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Teen iPhone share seen doubling as iPod, iTunes flatten

post #1 of 23
Thread Starter 
In the latest round of its semi-annual teen surveys, analyst group Piper Jaffray finds that ownership of Apple's iPhone has doubled in six months and is set to double again, though cooling iPod and iTunes use suggests a changing of the guard.

Of the nearly four hundred teenagers questioned by Piper for its spring study, about 6 percent of these already owned an iPhone despite the handset being on the market for less than a full year. The figure represents exactly twice the percentage of the youths that owned the Apple technology in the fall.

Crucially, the remaining percentage that plans to buy an iPhone hasn't changed. As with the fall poll, 9 percent of all the teen respondents expect to buy the device sometime within the next six months.

To senior analyst Gene Munster, this potentially signals a trend that doubles Apple's user share once again, with as much as 12 percent of the same group owning the touchscreen phone by the time of the next survey, in fall 2008. The increase would give Apple more than its desired 10 percent share of the cellphone business, albeit only among younger buyers.

Ownership of its longstanding iPod line is also at a record high since the surveys began tracking the information, Piper Jaffray notes. From those that own an MP3 player, about 86 percent have at least one form of iPod, up from 82 percent half a year before. Overall use of MP3 players is also at a record 87 percent, climbing significantly from 80 percent in the last survey.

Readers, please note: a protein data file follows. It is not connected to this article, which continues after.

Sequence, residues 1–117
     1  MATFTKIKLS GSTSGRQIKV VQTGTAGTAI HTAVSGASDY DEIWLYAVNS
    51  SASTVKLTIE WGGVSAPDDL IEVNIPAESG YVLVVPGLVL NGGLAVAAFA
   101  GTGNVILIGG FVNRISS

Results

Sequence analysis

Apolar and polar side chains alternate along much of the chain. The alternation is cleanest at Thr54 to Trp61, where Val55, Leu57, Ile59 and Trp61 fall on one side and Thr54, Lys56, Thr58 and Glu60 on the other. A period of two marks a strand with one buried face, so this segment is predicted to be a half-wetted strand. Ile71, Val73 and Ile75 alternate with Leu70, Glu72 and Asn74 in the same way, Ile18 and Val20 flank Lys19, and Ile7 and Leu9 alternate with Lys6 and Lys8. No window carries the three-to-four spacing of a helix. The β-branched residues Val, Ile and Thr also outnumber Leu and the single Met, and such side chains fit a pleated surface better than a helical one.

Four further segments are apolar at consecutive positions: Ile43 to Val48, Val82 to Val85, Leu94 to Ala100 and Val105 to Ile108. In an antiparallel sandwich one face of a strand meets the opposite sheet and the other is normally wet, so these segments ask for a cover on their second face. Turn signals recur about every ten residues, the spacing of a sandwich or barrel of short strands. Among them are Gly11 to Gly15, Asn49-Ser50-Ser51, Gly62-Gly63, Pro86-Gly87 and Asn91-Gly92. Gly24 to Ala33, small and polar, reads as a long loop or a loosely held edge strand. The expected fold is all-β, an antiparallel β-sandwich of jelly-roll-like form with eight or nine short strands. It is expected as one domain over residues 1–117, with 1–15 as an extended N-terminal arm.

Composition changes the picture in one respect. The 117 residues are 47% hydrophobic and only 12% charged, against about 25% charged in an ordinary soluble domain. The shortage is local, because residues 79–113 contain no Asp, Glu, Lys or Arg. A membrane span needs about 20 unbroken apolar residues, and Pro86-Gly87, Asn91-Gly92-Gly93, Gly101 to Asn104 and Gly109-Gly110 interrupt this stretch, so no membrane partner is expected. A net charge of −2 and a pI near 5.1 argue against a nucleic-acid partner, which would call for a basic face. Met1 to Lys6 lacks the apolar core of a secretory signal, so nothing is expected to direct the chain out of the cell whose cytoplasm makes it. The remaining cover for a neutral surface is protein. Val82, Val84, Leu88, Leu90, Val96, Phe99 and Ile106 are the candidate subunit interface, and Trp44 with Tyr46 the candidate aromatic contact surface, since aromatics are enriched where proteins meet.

iTunes use is also up slightly, with 81 percent of legitimate music downloaders using the Apple-run store versus 79 percent in the last survey. The balance has shifted more towards legal purchases, with 39 percent of the teens choosing to buy downloads rather than simply bootleg them through peer-to-peer networks.

The report suggests to the analysts that Apple has little to fear for its control of the US music business in the short term, especially among its younger customers.

"Apple's dominance in the portable media and online music markets is going seemingly unchecked," Munster observes.







Clouds loom over the news, however, and point to the iPhone potentially dulling the iPod's earlier success. While Apple's command of MP3 players has increased, actual demand for any MP3 player has dropped to its lowest amount in three years -- just 28 percent look to buy a new player in the next six months, while 47 percent did in fall 2007.

Moreover, while Apple's share of online music purchases is higher than in late 2007, it remains smaller than all-time highs of 89 and 91 percent set in fall 2007 and spring 2006 respectively. Munster and fellow analysts believe it may the result of more sites offering music without copy protection, permitting iPod owners to buy more of their digital music outside of iTunes.

Nonetheless, the threat is understood to take root more in general market forces than in weaknesses inherent to Apple's own strategy.